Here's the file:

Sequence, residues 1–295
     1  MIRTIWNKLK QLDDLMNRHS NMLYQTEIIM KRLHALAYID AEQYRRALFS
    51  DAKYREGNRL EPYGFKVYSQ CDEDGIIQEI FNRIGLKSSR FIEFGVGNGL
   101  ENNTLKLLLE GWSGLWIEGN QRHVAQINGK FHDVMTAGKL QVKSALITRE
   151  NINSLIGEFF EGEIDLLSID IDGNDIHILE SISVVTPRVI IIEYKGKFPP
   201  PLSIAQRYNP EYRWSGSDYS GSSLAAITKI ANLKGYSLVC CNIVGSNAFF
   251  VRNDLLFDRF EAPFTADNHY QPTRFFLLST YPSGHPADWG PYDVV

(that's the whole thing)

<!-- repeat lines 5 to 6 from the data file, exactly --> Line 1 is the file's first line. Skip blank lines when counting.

   151  NINSLIGEFF EGEIDLLSID IDGNDIHILE SISVVTPRVI IIEYKGKFPP
   201  PLSIAQRYNP EYRWSGSDYS GSSLAAITKI ANLKGYSLVC CNIVGSNAFF